Friday, June 27, 2014

My Journey Into Data Integration. Do you want to go inside?

Many years ago in my teenage years some friends and I acquired some type of audio storytelling game, similar to Dungeons and Dragons. At one point the heroes come to some ominous looking door that you know hides some particular nasties, but is crucial for the story to continue. The narrator in the story then slyly asks the heroes, "Do you want to go inside?" even though he knows they really have no choice.

So it feels with my data integration journey, which really only amounts to really peeking inside the door at this point.  I know life outside the world of data integration isn't possible for the scenarios I'm facing, but when I see all that is required to make it work I start to cringe.

Why Data Integration

So why am I even looking into real time data integration?  I have a couple of reasons.  The one I get most excited about is an event-driven architecture.  The project I'm on has several different ways that data can change so really the only way to know something happened is to listen for data changes.  To do that we can use a technology called Change Data Capture(CDC)  which basically logs what data has changed.  We could then theoretically take that changed data and then send a message through an enterprise service bus (ESB) or some kind of message queue (MQ)  that we could then use to alert services that something happened they should pay attention to.  This would prevent us from hammering the database as we poll for any bad scenarios we want to avoid. 

For example, say you have a truck load of frozen turkeys.  And say you accidentally set the temperature on the trailer to 60 degrees F.  Now 60 degrees is a lot higher than freezing and if you want the turkeys to arrive to their destination frozen the temperature needs to be corrected.  Now modern freight trucks are pretty high tech and report back all sorts of data to their brokers, such as the temperature in their trailers.  So wouldn't it be nice to receive an alert that the temperature is off the second the data is received? Heck yes it would!

A lot of my thinking into this comes from a similar integration described here. But here is the theoretical model I was thinking of:
Another reason that real-time data integration can be very important is as the name suggests. Integrating data from multiple systems into one single data source for easier development and reporting (aka Business Intelligence(BI)).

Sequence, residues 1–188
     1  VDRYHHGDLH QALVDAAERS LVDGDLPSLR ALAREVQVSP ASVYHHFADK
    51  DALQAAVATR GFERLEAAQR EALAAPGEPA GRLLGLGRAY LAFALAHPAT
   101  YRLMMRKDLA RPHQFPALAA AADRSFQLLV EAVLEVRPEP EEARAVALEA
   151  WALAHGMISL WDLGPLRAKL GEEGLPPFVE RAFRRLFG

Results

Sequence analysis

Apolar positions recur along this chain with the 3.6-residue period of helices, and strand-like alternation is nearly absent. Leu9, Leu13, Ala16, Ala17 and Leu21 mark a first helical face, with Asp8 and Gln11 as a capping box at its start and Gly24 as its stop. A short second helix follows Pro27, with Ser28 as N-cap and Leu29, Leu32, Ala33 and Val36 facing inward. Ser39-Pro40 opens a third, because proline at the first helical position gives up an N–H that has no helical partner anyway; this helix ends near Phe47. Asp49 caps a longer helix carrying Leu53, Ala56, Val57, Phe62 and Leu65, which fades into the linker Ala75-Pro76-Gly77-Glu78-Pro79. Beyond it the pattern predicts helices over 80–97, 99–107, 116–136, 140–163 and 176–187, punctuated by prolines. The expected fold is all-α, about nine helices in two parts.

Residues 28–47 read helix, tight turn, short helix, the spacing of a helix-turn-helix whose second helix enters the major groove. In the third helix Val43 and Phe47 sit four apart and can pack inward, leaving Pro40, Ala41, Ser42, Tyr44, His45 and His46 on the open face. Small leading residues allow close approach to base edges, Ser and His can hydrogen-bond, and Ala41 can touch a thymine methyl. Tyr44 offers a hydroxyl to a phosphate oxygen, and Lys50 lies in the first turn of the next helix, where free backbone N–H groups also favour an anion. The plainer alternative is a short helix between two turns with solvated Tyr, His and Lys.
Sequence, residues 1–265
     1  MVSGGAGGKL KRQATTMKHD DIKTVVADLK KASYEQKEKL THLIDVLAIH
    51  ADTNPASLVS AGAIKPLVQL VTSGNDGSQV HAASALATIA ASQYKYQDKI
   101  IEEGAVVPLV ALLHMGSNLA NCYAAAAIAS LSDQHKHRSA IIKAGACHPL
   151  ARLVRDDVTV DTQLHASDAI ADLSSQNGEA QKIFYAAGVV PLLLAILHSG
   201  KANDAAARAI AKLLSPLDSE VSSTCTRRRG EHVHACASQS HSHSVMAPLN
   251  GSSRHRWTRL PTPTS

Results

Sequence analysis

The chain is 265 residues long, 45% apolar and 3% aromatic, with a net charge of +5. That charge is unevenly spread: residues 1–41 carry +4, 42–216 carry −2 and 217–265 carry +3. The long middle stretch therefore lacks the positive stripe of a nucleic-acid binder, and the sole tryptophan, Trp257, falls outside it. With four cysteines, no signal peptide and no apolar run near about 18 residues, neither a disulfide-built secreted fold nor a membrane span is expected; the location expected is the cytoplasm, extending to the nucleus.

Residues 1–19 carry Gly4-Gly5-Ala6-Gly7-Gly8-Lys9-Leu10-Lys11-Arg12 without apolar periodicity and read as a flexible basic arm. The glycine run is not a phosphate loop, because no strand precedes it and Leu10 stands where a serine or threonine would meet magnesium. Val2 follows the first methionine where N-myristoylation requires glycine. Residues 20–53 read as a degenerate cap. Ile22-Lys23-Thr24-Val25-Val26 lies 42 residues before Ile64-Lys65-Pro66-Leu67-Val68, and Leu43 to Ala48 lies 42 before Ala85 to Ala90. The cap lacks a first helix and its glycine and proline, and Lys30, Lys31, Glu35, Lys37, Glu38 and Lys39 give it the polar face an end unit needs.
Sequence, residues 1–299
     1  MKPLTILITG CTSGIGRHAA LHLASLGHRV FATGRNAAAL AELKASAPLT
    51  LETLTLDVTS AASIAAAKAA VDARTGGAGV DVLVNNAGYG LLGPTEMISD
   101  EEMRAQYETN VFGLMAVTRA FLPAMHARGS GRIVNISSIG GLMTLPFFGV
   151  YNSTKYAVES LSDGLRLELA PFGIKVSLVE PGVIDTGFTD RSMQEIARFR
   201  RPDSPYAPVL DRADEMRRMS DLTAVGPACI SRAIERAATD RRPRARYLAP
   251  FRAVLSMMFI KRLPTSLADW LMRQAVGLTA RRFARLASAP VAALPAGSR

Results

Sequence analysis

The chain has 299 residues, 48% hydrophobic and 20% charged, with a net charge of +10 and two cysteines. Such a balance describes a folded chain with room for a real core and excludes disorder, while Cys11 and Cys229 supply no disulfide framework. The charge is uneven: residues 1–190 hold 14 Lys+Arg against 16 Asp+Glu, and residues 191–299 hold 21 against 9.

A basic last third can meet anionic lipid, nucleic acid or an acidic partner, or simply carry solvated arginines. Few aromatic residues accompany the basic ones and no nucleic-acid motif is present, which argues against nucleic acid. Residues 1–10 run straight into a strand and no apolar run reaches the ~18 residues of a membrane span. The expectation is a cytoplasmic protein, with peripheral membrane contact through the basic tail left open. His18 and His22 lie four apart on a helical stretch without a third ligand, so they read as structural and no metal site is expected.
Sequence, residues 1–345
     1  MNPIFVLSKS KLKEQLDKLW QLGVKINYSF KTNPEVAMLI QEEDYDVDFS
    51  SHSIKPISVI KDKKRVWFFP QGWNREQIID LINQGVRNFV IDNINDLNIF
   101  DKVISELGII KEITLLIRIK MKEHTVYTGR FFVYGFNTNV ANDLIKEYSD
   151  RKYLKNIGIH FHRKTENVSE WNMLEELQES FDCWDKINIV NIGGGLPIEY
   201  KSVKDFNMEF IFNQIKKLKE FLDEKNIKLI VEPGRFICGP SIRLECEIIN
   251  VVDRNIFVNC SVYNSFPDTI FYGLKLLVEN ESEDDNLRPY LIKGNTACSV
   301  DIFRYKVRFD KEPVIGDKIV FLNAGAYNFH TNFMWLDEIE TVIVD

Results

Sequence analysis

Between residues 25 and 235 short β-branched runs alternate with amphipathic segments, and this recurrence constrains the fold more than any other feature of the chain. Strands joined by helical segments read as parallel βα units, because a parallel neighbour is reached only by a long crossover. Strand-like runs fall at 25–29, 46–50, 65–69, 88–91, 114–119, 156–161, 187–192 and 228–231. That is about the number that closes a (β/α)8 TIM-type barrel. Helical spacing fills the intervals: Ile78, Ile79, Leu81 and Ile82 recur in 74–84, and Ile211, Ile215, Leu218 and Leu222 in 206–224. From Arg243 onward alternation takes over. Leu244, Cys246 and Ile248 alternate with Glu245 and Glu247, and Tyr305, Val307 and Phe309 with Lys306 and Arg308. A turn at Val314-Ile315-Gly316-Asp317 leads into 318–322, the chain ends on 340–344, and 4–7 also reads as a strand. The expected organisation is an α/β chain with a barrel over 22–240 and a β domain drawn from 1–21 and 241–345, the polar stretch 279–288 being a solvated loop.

If you're like me you've found yourself trying to utilize data from multiple data sources.  And if you're like me you've found that trying to merge the data and perform any sort of operation in the application layer to be a real pain in the butt and it takes FOREVER to build it.  So, the way I see it is that we can have the complexity in the application layer or we can have the complexity in the infrastructure.

Something like this:

So the concept seem pretty straight forward.  You simply have three data stores and you only want to query against one.  Easy enough!  But some interesting question and answers came up as we were thinking about this.

Q. How are we going to get data to the consolidated data store?
A. We'll use some CDC tool!
Q. If we use a CDC tool, is the load on our source data stores going to increase?
A.  A little as we'll need to write and read from the change logs, but hopefully it will be offset by moving any monitoring and BI operations to the consolidated store.
Q. Can we turn on CDC logging on our data stores?
A.  Er...we better ask the System Admins/DBAs
Q.  What level of normalization do we want in the consolidated store?
A.  Good question.
Q.  How are we going to save data that is changed by the users?
A.  Well, we could figure out a two way sync and have it save back to the consolidated store or we could write back to the original source and let it propagate through.
Q. Do the CDC tools allow data transformations?
A.  Some do.
Q.  What tools are even out there?
A.  We've come across DBMoto, IBM's Datastage, Oracle's GoldenGate, Talend's enterprise edition, Informatica also has something.
etc. etc.

So far lots of questions and even less answers, but as we open the door wider and wider we're getting some answers.  I just hope that we're not opening a Pandora's box.

Our next steps are evaluating the CDC tools since this seems to be the biggest unknown at this point.  I'll continue writing about our data integration journey and hopefully it doesn't end with the nasties slaying the heroes.  

No comments:

Post a Comment